• Thanks for this! I have been bugged by seeing RUNNABLE threads in Object.wait() on several occassions now. I just verified what you are describing is actually what was happening. – shikhar May 14 '15 at 13:10

The Oracle Thread.State documentation specifies that a thread in the blocked state is waiting for a monitor lock to enter a synchronized block/method or reenter a synchronized block/method after calling. It looks like none of the threads in blocking mode.

If all the Runnable threads are apparently blocked in database operations, I would suggest using database monitoring/diagnostic tools to explore the reason. After that, possibly investigating your database code to find problems such as uncommitted transactions, mishandled exceptions leading to unclosed resources.

Java thread dumps have probably given you all the information they can at this point - a pointer for where to start looking next.

  • 2
    Its a valid point, although, I would expect calls to the DB driver in the call stack if it was blocked by a query right? The strange thing here is that this occurs on JPAQuery.<init>, let me know your thoughts. – Francisco Spaeth Feb 23 '15 at 10:41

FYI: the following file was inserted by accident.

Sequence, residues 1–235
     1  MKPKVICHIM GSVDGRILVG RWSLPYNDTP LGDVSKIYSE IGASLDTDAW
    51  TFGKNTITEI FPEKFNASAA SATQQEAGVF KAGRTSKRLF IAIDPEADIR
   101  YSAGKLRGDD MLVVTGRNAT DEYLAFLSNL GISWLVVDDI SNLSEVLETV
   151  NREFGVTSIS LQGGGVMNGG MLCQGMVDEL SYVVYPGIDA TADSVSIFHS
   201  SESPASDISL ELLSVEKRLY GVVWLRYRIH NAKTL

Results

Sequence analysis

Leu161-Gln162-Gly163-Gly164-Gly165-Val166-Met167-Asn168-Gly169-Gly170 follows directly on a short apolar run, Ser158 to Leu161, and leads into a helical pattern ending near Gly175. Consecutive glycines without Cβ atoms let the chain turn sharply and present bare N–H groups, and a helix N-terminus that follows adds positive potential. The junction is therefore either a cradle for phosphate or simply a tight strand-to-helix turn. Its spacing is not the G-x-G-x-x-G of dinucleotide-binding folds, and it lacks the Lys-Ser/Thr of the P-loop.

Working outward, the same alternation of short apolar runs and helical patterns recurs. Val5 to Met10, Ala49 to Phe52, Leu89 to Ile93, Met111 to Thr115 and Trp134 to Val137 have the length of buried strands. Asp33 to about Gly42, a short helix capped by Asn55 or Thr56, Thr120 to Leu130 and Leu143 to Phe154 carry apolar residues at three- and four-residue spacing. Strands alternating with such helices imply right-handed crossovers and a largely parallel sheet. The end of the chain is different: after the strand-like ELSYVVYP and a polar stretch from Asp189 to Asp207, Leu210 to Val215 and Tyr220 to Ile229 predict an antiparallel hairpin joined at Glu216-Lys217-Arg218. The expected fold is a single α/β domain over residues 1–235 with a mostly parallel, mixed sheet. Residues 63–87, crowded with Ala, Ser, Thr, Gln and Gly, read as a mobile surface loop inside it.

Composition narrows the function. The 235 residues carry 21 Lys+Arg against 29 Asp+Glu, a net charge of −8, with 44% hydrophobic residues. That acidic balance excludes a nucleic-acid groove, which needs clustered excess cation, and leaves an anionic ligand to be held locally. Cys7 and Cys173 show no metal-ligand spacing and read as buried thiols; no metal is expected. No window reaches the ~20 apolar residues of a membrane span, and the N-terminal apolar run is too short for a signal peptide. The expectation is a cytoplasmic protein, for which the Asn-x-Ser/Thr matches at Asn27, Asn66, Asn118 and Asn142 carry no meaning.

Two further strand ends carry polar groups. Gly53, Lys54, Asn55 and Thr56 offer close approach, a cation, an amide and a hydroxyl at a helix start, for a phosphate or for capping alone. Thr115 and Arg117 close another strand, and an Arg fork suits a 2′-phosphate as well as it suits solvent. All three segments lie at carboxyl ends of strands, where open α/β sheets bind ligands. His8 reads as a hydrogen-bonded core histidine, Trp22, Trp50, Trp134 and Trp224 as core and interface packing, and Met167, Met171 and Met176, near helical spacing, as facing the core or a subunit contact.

"The number of threads in RUNNABLE state as shown above raises with the time and it seems to be hanging."

The number of RUNNABLES would rise depending upon the number of threads executing the method "com.mysema.query.jpa.impl.JPAQuery." at the time this thread dump was taken. This method is actually the constructor of JPAQuery class - denoted by "init". You would probably need to investigate the code in the constructor and the subsequent calls to the JPA implementation.

  • when I commented it raises with the time, it was meant that the thread will stops in a given point (constructor of JPAQuery) and will not be returned to the pool, if I take more thread dumps that thread will be at the same point – Programmer Feb 24 '15 at 0:31

The Object.wait() merely calls Object.wait(0) (zero for no timeout). The implementation of Object.wait(long) is:

public final native void wait(long timeout) throws InterruptedException;

All threads that are in a native frame are RUNNABLE, as the JVM does not know (does not "manage", hence it is a "native" frame) the state of the call.